The Green Book Exhibit

Community centers highlight Black life during the Jim Crow era.

Four Women & Car, National Museum of American History Archives
The Green Book provided directions to safe lodging for Black travelers. Photo: National Museum of American History Archives

Did you know that 327 businesses in North Carolina were listed in The Negro Motorist Green Book—including 13 in Buncombe County?

Published from 1936 to 1966, the book was used as both a travel guide and a tool of resistance to confront the realities of racial discrimination in the United States and beyond. Restaurants, hotels, nightclubs, beauty salons, and other types of businesses were listed in The Green Book, which identified safe “oasis spaces” for Black travelers and allowed African American businesses to thrive.

In November, several Asheville Parks & Recreation (APR) community centers host “Navigating Jim Crow: The Green Book and Oasis Spaces in North Carolina,” a traveling exhibit about sites important to, and personal memories about, African American travel using The Negro Motorist Green Book during the Jim Crow era of legal segregation.

Created by the North Carolina African American Heritage Commission (AAHC), a division of the NC Department of Natural and Cultural Resources, eight vibrant panels showcase images of business owners, travelers, and historic and present-day photos of North Carolina Green Book sites. The words of African American travelers and descendants of Green Book site owners collected by the AAHC from oral histories are featured prominently in the exhibit.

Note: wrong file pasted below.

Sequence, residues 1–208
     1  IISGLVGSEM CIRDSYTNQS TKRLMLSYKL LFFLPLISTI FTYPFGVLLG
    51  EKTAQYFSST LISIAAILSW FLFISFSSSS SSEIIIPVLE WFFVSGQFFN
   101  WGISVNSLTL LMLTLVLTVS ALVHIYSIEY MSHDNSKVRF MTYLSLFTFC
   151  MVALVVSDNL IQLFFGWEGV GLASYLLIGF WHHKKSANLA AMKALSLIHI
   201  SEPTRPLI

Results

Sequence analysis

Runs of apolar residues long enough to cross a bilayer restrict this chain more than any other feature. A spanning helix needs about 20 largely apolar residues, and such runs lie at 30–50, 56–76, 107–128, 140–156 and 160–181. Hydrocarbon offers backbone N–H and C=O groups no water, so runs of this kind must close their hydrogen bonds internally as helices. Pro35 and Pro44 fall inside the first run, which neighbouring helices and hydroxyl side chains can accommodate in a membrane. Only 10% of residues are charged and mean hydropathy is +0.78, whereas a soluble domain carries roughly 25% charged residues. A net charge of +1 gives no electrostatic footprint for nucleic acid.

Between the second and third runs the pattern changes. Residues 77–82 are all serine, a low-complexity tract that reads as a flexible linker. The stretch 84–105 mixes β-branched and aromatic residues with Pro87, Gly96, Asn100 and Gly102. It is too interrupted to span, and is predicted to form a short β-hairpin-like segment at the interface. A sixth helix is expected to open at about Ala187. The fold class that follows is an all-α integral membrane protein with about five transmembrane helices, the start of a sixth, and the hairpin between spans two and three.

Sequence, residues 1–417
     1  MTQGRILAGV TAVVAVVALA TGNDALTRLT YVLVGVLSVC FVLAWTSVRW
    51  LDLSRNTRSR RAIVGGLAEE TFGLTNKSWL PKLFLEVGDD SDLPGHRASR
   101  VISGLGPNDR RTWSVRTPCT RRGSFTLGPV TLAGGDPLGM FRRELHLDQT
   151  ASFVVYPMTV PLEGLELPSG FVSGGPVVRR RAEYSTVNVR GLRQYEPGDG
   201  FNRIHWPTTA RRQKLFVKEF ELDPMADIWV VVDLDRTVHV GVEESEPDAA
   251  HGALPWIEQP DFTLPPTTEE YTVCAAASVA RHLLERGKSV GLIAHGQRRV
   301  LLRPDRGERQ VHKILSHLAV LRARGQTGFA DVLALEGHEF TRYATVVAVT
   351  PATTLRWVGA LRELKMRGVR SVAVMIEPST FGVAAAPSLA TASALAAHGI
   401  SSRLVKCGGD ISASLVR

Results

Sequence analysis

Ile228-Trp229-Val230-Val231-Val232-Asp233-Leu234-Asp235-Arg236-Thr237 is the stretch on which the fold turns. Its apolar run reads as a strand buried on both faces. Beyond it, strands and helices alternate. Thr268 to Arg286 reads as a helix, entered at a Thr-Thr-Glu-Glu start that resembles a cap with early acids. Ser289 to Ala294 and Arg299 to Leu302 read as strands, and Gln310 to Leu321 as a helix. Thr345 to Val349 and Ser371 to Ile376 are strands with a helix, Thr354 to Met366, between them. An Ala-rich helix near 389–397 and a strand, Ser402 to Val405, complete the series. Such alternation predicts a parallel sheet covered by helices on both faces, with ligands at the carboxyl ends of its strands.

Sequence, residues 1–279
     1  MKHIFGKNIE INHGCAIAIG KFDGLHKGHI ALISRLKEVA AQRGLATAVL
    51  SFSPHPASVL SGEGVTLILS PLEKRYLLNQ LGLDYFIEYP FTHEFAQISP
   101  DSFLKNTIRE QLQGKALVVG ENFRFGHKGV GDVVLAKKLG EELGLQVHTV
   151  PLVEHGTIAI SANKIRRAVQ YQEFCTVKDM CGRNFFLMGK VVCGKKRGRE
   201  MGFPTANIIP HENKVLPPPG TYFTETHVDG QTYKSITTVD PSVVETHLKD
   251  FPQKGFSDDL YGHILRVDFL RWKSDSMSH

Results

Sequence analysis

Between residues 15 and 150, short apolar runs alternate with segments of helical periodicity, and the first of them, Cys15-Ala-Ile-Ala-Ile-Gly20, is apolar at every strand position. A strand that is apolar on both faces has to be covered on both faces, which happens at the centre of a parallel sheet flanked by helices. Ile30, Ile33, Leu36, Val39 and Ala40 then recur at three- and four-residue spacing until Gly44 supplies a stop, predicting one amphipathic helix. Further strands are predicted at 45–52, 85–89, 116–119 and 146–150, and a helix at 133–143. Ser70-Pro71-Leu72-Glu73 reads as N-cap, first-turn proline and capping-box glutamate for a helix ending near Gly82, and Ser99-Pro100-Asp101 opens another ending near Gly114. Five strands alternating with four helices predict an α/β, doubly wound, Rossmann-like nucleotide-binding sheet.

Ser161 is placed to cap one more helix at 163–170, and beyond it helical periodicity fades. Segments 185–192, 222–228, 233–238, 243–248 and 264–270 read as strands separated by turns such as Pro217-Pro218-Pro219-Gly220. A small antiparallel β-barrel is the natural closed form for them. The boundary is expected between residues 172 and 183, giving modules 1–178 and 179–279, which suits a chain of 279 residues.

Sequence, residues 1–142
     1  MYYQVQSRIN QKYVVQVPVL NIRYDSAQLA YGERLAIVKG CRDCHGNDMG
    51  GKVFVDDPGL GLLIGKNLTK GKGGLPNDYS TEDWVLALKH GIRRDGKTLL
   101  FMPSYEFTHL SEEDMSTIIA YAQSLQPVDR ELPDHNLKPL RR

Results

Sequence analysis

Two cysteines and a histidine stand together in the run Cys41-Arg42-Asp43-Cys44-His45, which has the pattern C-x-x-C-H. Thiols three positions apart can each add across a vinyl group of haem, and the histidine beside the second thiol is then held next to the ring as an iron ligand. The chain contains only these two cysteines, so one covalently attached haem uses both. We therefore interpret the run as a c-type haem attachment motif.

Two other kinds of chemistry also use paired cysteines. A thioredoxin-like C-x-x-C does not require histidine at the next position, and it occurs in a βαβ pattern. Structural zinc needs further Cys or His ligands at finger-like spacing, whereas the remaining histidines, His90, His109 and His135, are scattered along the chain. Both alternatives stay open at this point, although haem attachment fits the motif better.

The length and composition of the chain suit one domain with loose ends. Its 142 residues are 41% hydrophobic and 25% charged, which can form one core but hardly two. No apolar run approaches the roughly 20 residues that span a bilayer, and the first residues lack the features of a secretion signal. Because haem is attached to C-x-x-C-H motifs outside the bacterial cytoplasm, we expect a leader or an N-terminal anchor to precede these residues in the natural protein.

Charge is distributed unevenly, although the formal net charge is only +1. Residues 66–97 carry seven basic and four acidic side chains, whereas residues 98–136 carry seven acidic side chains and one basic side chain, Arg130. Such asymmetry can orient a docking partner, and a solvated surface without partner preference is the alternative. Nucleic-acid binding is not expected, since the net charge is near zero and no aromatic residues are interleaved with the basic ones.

“Locally, businesses like The Savoy Hotel on Eagle Street, James-Keys Hotel on Southside, Phyllis Wheatley YWCA, and other Asheville establishments played an imperative role in creating safe spaces for locals and tourists,” according to D. Tyrell McGirt, APR Director.

“We’re proud to honor their legacy by hosting this exhibit. Many elders have first-hand accounts of visiting these businesses, and even using Green Books for travel, and this is an opportunity for learning, critical thinking, and discussion for them, as well as younger generations and people who’ve never known the vital importance of such a tool.”

The self-guided exhibit is free and open to the public at these APR community centers:

November 13-17 – Dr. Wesley Grant Sr. Southside Community Center, 285 Livingston St. 9:30 a.m. until 8:30 p.m.

November 20-22 – Linwood Crump Shiloh Community Center, 121 Shiloh Road. 9:30 a.m. until 8 p.m.

Green Book Listings for Buncombe County (1940-1960s)

  • Ashland Avenue YWCA, 194 Ashland Avenue
  • Booker T. Washington Hotel, 409 Southside Ave.
  • Butler’s (Madam Butler Beauty Salon), Eagle & Market Sts.
  • College Street YWCA, 360 College Street
  • Do Drop In Barber Shop, 4 Eagle Street
  • James-Keys Hotel, 409 Southside Ave.
  • Jamison Barber Shop, 211 Ashland Ave.
  • Mrs. S. Foster Tourist Home, 88 Clingman Ave.
  • Palace Grille Restaurant, 19 Eagle St.
  • Savoy Hotel/Tourist Home, Eagle & Market Sts.
  • Wilkin’s Garage, Eagle & Market Sts.
  • Wilson’s (Wilson’s Barber Shop), 13 Eagle St.
  • Wilson’s Tavern, Eagle & Market Sts.

For additional details, please visit